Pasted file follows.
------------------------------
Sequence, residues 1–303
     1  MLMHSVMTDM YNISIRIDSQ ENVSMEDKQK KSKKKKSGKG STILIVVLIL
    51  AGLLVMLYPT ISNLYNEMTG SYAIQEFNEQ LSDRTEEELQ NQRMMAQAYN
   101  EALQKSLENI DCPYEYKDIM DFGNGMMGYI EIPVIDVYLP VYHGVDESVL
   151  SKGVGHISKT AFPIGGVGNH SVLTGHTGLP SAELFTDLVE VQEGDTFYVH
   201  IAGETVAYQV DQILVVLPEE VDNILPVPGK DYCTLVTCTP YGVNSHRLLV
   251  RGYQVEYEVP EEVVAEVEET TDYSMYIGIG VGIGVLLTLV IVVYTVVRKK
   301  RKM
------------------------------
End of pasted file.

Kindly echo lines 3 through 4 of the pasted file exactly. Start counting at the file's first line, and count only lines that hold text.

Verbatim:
    51  AGLLVMLYPT ISNLYNEMTG SYAIQEFNEQ LSDRTEEELQ NQRMMAQAYN
   101  EALQKSLENI DCPYEYKDIM DFGNGMMGYI EIPVIDVYLP VYHGVDESVL